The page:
Review off the mark
The review by Jeffrey Gillespie in the Ashland Daily Tidings of OSF’s “The Way the Mountain Moved” was way off the mark in my opinion.
I was very pleasantly surprised to be offered a skilled and unique glimpse of mid-1850’s America — from the perspective of native, black, Mormon, Mexican, white and Asian people. To me, it seemed like a secret window opened for me to watch a few days in the lives of common, everyday people as they struggled in the “the wild West.”
Two themes of fear and confusion complicated by gun violence were interwoven in a way that is reminiscent of what our country faces today. Gillespie used the adjectives of “halting” and disjointed” to describe the play. I challenge him to go back and see the play again. Perhaps America of the 1850s was just exactly that — halting and disjointed, where confusion and fear morphed into violence as shocking to the perpetrator as to the victim.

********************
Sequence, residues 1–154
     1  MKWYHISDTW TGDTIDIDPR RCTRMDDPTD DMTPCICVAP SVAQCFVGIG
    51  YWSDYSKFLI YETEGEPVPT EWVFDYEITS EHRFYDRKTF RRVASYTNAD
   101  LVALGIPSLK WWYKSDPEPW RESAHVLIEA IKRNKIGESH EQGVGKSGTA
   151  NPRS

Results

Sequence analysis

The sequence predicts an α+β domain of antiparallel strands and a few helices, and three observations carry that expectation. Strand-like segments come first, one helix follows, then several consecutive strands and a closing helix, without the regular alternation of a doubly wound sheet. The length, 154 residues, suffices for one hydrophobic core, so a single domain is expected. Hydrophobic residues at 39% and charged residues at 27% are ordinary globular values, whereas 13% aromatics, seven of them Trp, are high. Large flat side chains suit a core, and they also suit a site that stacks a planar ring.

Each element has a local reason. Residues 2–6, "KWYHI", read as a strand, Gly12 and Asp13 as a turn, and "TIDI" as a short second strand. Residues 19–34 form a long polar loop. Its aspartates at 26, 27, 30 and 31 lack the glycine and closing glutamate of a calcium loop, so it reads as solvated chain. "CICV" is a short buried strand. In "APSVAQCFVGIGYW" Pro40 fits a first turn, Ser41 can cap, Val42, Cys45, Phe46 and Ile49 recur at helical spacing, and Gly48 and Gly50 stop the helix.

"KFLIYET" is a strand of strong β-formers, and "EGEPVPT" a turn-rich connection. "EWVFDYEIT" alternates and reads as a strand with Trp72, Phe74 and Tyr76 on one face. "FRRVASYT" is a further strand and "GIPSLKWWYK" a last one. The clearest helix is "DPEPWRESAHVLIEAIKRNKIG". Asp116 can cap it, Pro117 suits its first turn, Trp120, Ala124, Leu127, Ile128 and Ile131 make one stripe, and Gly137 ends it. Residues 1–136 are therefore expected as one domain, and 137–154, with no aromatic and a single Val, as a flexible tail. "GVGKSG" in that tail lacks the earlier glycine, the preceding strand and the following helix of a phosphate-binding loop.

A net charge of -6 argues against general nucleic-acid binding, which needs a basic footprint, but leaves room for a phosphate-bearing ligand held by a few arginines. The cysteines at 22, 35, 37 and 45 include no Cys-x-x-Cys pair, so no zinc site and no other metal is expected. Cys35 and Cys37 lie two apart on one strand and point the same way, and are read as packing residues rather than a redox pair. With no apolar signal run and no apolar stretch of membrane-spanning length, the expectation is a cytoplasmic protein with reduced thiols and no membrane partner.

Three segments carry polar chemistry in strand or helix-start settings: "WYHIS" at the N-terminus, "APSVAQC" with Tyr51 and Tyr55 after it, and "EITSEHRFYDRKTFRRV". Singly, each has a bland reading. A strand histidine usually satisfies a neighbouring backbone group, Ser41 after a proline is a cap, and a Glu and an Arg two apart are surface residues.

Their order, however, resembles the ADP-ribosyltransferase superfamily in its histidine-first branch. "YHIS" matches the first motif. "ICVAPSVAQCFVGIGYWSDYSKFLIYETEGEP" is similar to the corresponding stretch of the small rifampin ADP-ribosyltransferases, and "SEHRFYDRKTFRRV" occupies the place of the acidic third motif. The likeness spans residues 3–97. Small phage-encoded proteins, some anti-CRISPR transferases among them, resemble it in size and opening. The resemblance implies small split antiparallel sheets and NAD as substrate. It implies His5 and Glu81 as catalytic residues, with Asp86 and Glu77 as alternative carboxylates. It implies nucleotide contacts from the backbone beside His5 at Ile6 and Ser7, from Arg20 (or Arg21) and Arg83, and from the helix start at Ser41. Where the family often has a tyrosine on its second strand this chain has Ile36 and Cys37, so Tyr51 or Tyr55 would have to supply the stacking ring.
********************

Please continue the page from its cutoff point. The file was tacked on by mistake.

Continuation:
Go see this play! Watch a window in time that we rarely see portrayed.
And thank you to the all the exceptional actors. Particular standouts for me were Christina Clark, Rodney Gardiner and Sara Bruner.
An interesting tidbit
I think it would be interesting to see a story that outlines how big the defense budget is. The Borgen Project points out this interesting tidbit.
$30 billion: Annual shortfall to end world hunger.
$660 billion: U.S. defense budget.
I think most Americans would be outraged to learn that — especially considering the military has been vocal in calling on Congress to fight global poverty. Worth diving into.